Recent studies haven’t been kind to sugar.
One found it could be eight times more addictive than cocaine. When researchers offered rats an Oreo or morphine, they gravitated towards the sweet stuff. “Animal studies have shown that refined sugar is more addictive than cocaine, heroin or morphine,” says Pam Peeke, MD, author of The Hunger Fix.
We’re not rodents, but researchers believe sugar addiction can also occur in humans, which contribute to eating disorders and obesity. One study found “palatable food stimulates neural systems implicated in drug dependence.” Another found the brain of a sugar addict performs similarly to a drug addict.
Here’s where I risk alienating some readers: not only is sugar addiction real, but the majority of us are likely addicted. Even as health-conscious people who are dialed in to healthier options, we have to remember that sugar hides in strange places like vinaigrette dressings, sundried tomatoes and glazed meat sauces.
Those sneaky sugars add up around our waistlines. According to Mark Hyman, MD, Americans eat 146 pounds of flour, which converts to sugar, every year. Coupled with the 152 pounds of added sugar, the average person consumes almost a pound of sugar every day. “Little wonder that nearly 70 percent of Americans and 40 percent of kids are overweight,” he says.
Blame our brain for this addiction. Just like with drugs, when we eat a sugary food, our brain’s reward centers release feel-good neurotransmitters. Studies show that binging on sugary foods keeps feel-good dopamine revved up. That surge gives us intense pleasure and blocks pain, similar to injecting heroin.
Short-term gratification isn’t worth it for our health or our midsections. Sugar addiction knocks insulin and other fat-regulating hormones out of whack, triggering more hunger, cravings, and food intolerances. One study found that this domino addictive pattern will be relevant in the following meals.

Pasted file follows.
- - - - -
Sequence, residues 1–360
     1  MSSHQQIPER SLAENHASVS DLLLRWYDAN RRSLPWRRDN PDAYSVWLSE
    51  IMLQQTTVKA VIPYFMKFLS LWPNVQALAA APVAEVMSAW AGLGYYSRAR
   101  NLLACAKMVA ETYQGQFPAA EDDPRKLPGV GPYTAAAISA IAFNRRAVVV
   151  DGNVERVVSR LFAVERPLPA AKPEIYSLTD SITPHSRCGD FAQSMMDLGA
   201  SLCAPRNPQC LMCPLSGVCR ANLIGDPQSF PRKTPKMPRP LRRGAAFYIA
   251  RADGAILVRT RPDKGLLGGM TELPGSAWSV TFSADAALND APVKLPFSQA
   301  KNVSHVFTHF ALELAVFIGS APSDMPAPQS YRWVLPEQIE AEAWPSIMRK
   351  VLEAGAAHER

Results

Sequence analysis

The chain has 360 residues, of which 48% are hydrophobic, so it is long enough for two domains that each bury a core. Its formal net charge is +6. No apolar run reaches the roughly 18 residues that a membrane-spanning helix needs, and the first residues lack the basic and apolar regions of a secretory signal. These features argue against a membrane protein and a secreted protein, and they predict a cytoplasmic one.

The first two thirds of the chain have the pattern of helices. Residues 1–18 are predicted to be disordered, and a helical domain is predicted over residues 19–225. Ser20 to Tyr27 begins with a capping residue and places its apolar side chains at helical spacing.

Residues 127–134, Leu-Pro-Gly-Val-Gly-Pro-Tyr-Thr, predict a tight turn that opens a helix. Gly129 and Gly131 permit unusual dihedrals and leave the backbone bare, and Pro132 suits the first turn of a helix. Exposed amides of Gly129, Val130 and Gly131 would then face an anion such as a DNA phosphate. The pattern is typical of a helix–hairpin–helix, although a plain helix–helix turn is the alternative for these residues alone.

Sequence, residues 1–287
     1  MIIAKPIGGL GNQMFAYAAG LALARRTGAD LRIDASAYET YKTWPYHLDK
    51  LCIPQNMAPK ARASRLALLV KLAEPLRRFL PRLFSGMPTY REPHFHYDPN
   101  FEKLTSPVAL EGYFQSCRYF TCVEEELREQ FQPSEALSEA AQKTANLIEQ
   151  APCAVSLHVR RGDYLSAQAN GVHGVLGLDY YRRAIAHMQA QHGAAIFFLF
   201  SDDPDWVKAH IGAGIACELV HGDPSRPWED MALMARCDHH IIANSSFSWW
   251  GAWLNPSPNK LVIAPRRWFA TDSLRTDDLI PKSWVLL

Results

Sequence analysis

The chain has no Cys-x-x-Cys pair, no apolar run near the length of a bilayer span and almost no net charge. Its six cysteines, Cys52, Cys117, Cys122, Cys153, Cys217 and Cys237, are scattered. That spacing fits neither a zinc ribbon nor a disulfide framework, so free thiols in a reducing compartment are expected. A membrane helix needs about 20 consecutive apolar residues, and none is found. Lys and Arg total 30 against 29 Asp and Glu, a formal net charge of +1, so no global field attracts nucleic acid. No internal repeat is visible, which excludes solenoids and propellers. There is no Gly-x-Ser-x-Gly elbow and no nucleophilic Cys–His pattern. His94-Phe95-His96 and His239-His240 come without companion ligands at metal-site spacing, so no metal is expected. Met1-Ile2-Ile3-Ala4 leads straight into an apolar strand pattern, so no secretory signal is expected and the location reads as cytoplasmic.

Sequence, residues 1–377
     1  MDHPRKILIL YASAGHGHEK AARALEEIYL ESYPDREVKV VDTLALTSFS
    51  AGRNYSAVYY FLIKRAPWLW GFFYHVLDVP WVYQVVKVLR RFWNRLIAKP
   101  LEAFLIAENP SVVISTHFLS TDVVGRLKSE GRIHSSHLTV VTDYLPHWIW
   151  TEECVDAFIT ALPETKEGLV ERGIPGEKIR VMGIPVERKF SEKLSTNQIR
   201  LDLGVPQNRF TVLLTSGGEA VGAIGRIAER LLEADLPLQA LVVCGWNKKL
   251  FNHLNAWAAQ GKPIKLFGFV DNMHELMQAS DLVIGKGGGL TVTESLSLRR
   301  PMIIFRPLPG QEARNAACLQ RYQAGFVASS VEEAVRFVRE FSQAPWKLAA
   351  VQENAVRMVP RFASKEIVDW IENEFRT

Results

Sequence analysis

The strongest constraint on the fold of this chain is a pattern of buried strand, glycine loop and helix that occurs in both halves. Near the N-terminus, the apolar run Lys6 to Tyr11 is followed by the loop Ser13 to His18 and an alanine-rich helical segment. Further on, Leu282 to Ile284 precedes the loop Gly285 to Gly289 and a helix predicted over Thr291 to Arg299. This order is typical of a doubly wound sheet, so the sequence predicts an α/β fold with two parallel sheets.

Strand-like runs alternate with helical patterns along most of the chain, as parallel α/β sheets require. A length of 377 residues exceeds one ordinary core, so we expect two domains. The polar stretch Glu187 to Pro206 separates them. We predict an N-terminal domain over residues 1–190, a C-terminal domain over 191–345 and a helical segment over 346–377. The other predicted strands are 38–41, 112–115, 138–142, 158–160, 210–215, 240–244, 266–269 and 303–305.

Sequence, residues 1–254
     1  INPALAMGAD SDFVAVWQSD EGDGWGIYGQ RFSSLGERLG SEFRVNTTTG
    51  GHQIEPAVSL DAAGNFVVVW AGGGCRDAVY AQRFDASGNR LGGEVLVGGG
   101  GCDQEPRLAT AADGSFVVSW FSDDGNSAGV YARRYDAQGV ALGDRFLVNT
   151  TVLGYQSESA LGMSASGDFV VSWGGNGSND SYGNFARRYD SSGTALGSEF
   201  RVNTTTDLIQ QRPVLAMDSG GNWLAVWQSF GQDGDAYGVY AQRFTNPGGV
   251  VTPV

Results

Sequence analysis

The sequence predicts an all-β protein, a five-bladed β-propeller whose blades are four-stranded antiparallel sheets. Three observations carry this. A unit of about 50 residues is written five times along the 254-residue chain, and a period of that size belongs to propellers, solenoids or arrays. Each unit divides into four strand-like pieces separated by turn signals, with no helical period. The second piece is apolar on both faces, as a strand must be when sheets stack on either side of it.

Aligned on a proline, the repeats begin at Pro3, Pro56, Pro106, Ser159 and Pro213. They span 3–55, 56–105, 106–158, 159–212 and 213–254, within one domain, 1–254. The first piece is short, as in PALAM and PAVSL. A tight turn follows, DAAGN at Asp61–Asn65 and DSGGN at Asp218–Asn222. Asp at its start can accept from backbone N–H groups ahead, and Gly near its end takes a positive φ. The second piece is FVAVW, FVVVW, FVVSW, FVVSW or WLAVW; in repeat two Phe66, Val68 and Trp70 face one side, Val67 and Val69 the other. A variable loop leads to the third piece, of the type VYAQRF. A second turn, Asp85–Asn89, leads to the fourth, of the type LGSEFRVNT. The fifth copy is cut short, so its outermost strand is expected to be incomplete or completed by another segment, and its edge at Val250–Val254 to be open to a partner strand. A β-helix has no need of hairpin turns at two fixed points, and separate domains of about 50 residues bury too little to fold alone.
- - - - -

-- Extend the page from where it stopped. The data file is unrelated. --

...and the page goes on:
I want to challenge everyone to become intensely aware of where sugar hides. One client tallied it up and learned she ate almost 100 grams of added sugar every day from so-called healthy foods like low-fat yogurt.
The next step involves breaking that addiction: going cold turkey (probably) won’t work. We’ve done that and felt awful, crashed terribly, and probably raided our freezer about 10:45 p.m. for that half-eaten butter pecan pint that we then happily devoured watching Seinfeld reruns.
Completely eliminating sugar all at once leaves us craving and running for the nearest sugar fix. That’s why I developed a better plan to gradually taper off high-sugar impact foods. It outlines all of the benefits of transitioning off sugar without withdrawal and other miseries. When I did a test trial, many clients lost up to 10 pounds in two weeks as they shifted from being sugar burners to fat burners.
They also actually tasted food again. As a sugar addict, they suddenly realized their diet tasted bland and high-sugar impact foods had hijacked their taste buds.
As awareness grows, sugar addiction will become a popular and probably controversial topic. Based on these studies and your own experience, is sugar addiction real or are we overblowing what could be a simple pleasure? Agree, respectfully disagree, but share your comments below or on my Facebook fan page.
NM Avena, et al., “Evidence for sugar addiction: Behavioral and neurochemical effects of intermittent, excessive sugar intake,” Neuroscience Biobehavorial Review 32, no 1 (2008): 20-39.
DM Blumenthal and MS Gold, “Neurobiology of food addiction,” Current Opinion in Clinical Nutrition and Metabolic Care 13, no 4 (2010): 359-65.
C Colantuoni, et al., “Excessive sugar intake alters binding to dopamine and mu-opioid receptors in the brain,” Neuroreport 12, no 16 (2001): 3549-52.
AN Gearhardt, et al., “Neural Correlates of Food Addiction,” Archives of General Psychiatry 68, no 8 (2011):808-16.
BS Lennerz, et al., “Effects of dietary glycemic index on brain regions related to reward and craving in men,” The American Journal of Clinical Nutrition 98, no 3 (2013): 641-7.
P Peeke, The Hunger Fix (New York: Rodale, 2012).
Student-faculty research suggests Oreos can be compared to drugs of abuse in lab rats. Connecticut College News, 2013.
Rada, P. et al. Daily bingeing on sugar repeatedly releases dopamine in the accumbens shell. Neuroscience. Volume 134, Issue 3, 2005, Pages 737–744.
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Author: JJ Virgin
Editor: Renée Picard
Photo: Jeanny at Flickr
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